In your case here, you still need to find the voltage noise of the tube. Just because I don't see where the resistance can be from a tube don't mean there is none. What do I know about tubes? That's the reason I asked more than once whether anyone has the noise model of the tubes.

    Also, the calculation I gave on the gain was based on the gm given in the operating condition of the 6L6GC at the given plate current. At the low plate current that you are trying to run, is the gm still 4700? If it drops off, then you loss the advantage.

  14. #14
    Senior Member Austin's Avatar
    Join Date
    Jun 2012
    Location
    A van down by the RIVER!
    Posts
    316
    Well I didn't decide how much current to let the tubes run at but isn't it true that it will be more linear working into a higher resistance? I have no shortage of tube slots or tubes or power supply so gain is not an issue at all. Right now it has 1 6v6 1 6g6g 3 6f6g and two 6l6gc in there per channel and I was going to use the 6v6 as a plate load ccs and use the 6g6 as the preamp and use one 6f6 as cathodyne phase inverter and two 6f6 as driver tubes into tthe 6L6 power stage. Everything triode strapped for now just to get it working until I make a regulated screen supply. I will try and post some pics tomorrow.

  15. #15
    Old Timer J M Fahey's Avatar
    Join Date
    Oct 2007
    Location
    Buenos Aires, Argentina
    Posts
    9,097
    Not to rain on your parade, but 6L6 (or any other power pentode) transconductance at, say, 1mA plate current (you are feeding it through 100K after all) is WAY lower than at usual power tube current levels.
    You want a very rough, no graphs voltage gain estimation for a 6L6 ? (EL34/84 can be calculated in a similar way):
    Just consider this:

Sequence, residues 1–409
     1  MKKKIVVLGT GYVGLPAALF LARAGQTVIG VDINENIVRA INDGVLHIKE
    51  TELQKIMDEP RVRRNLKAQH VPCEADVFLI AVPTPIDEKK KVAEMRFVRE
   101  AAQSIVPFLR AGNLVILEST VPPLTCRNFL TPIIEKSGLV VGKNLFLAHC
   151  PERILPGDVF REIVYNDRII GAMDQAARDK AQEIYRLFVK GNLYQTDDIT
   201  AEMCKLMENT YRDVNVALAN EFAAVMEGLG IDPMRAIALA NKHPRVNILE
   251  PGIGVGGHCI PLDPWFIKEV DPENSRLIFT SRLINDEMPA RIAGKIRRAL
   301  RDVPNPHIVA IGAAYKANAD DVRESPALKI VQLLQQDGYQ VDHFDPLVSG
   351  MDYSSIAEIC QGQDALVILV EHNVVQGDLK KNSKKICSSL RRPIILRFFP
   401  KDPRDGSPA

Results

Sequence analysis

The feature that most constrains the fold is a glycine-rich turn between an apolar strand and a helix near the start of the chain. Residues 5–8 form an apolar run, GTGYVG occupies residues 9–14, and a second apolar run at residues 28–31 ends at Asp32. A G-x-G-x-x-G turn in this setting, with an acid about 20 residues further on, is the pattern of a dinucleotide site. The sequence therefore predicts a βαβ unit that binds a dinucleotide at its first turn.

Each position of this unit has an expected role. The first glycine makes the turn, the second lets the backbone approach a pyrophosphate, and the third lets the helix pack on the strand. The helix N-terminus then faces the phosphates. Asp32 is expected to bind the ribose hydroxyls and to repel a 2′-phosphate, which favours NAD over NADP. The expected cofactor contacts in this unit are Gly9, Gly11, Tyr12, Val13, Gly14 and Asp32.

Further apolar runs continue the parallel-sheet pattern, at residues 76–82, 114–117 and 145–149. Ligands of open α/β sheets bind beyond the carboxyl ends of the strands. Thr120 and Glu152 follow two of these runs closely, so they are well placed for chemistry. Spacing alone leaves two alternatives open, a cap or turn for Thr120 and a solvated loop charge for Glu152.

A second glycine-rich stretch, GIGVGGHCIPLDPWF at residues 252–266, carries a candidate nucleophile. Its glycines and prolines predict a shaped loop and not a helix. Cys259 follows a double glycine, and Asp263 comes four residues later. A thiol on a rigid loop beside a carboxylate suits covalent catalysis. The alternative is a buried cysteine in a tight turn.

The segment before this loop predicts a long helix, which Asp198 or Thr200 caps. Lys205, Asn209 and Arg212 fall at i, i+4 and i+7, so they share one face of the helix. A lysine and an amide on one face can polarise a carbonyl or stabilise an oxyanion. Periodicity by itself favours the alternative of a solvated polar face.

Idle: plate voltage=V+ , say, 430V ; grid voltage (bias)= -52V
    Saturating: Plate, say, 60V ; grid: 0V .
    (Delta means "variation")
    Plate variation (delta voltage)= 430-60=370V
    Grid variation (delta voltage) = 52-0=52V
    Effective gain: 370/52=7 ..... incredible, isn't it?

    So, what about that huge transconductance, is it a lie? Not at all, but is is the name to describe a *type* of Physical phenomenon: that when voltage changes, current changes.
    In this case , it does not mean huge voltage gain but huge current swing for a relatively small (grid) voltage swing.

    So, in a nutshell, use small triodes (or small pentodes if you wish) for gain and big pentodes for power.
    Can't go wrong.

    Hasn't been wrong for the last 90 years, go figure
    mikepukmel likes this.
    Juan Manuel Fahey

  16. #16
    Old Timer
    Join Date
    Oct 2011
    Posts
    1,951
    Quote Originally Posted by J M Fahey View Post
    Not to rain on your parade, but 6L6 (or any other power pentode) transconductance at, say, 1mA plate current (you are feeding it through 100K after all) is WAY lower than at usual power tube current levels.
    You want a very rough, no graphs voltage gain estimation for a 6L6 ? (EL34/84 can be calculated in a similar way):
    Just consider this:
    Idle: plate voltage=V+ , say, 430V ; grid voltage (bias)= -52V
    Saturating: Plate, say, 60V ; grid: 0V .
    (Delta means "variation")
    Plate variation (delta voltage)= 430-60=370V
    Grid variation (delta voltage) = 52-0=52V
    Effective gain: 370/52=7 ..... incredible, isn't it?

    So, what about that huge transconductance, is it a lie? Not at all, but is is the name to describe a *type* of Physical phenomenon: that when voltage changes, current changes.
    In this case , it does not mean huge voltage gain but huge current swing for a relatively small (grid) voltage swing.

    So, in a nutshell, use small triodes (or small pentodes if you wish) for gain and big pentodes for power.
    Can't go wrong.

    Hasn't been wrong for the last 90 years, go figure